If not judged with a critical eye, a policy on "casual" attire is just another dress code.
At the risk of being labeled a snob of the Eastern Establishment persuasion, this damn Yankee is willing to tip a sacred cow now mooing to applause in management circles.
The bovine's talking "business attire," a term that not long ago no one used. Because no one used to need it spelled out for them. Time was, say five or ten years ago (expect in sunny climes like Florida), when you could pretty much guess what someone did for a living by what they wore on the job.
Or as a snooty author once put it, a person's social class can be easily denoted by how wide the gulf between his work clothes and Sunday best. So what does running their businesses while dressed for a round of golf or other puttering say about America's managerial class?
Maybe it just means gentility is hopelessly out of date. Or maybe it underscores how Docker-clad desk jockeys have managed to run off with a spectacular victory in reverse snobbery.
Thus, the guy who sticks with his suit and tie gets pegged a stuffed shirt. Put the shoe on the foot of someone accused of being born with a tie around their neck, and the fit's quite different. Now, those managers who dress like they're just stopping by the salt mine on their way to something more important look too silly to take too seriously.
Early in my career I was asked why I "bothered" to wear a suit to visit a truck fleet in the middle of nowhere.
Not bothering to dignify that remark with a reply, I highballed it to my appointment. I knew what I might find. A trucking outfit perched in a cornfield. Ayup. A headquarters comprising a maze of extensions off the owner's original farmhouse. Ayup. A staff decked out in crisp shirts, neatly knotted ties, and shoes shined high enough to shame a Marine. Ayup again.
The fleet manager remarked that while most of the employees never see their customers, insisting on a "professional" dress code emphasized important business was under way and encouraged greater respect among workers.
A former longhauler himself, the carrier's driver-recruiter noted the value of tying one on. "When I was driving," he explained, "I always put a shirt and tie on before arriving at a customer's. It helped pave the way to get me in and out of there fast." And it caught the eye of the company's founder, who boosted him up to management because he wanted "to get more drivers with his kind of attitude."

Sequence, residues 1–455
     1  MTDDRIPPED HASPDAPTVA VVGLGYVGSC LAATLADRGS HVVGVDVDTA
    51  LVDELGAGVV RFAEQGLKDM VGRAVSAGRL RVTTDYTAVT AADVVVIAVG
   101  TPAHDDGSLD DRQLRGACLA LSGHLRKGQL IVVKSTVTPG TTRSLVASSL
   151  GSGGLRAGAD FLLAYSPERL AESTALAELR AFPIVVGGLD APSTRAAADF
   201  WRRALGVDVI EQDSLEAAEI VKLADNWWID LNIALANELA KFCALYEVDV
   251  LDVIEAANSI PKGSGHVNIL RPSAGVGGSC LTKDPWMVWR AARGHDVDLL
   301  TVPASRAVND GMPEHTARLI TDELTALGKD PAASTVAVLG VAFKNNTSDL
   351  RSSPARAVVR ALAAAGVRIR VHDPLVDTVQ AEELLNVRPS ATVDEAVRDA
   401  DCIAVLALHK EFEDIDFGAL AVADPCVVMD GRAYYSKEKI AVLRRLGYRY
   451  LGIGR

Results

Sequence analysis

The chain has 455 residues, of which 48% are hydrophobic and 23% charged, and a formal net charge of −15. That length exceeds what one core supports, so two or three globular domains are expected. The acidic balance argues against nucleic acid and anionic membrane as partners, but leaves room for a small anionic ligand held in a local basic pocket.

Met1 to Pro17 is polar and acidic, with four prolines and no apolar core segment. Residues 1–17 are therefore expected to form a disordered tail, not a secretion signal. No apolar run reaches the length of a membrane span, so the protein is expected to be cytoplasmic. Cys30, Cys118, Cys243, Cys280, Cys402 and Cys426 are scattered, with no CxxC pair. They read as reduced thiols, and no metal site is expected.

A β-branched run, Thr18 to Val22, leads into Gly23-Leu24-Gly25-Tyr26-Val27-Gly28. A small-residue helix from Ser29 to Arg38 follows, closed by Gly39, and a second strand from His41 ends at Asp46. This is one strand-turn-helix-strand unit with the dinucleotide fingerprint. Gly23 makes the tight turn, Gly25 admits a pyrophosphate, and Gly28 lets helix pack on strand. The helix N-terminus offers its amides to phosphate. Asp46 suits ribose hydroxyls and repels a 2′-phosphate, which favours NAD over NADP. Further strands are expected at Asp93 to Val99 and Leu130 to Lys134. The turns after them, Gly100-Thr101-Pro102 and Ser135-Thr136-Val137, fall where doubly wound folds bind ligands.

That's not to say what you wear gives you attitude. It's what's behind the clothes that really matters. A company that simply declares that everyone from board level down can wear what they like "within reason" is like expecting window-dressing alone to move merchandise.
But if casual dress also signifies breaking down more substantial barriers to productivity and job satisfaction, workers will hail the wardrobe change. In other words, dress the part or forget the show.
At any rate, there's good news for all those stalwarts who've bucked the fashionable winds of change. That so many of your upper and middle management colleagues have gone casual signals the end is near for sporty togs as emblems of egalitarianism.
Once a trend originates, it gets picked up by more and more wannabes in search of instant coolness. If strong enough, a trend will eventually get mainstreamed. But before that happens, the trendsetters will have split the scene to start the cycle all over.
But seriously, unless a "casual-dress" policy reflects the overall view management takes of the workplace, it will amount to substituting one arbitrary rule for another. And perhaps rack up expensive and hard-to-spot losses in employee productivity and job satisfaction.
By all means, issue or emulate whatever dress code makes you comfortable. After all, you're the boss. But be sure it makes your employees comfortable, too.
Otherwise, what you save in dry cleaning may well burn a hole in your company's pocket. And that's no way to dress for success.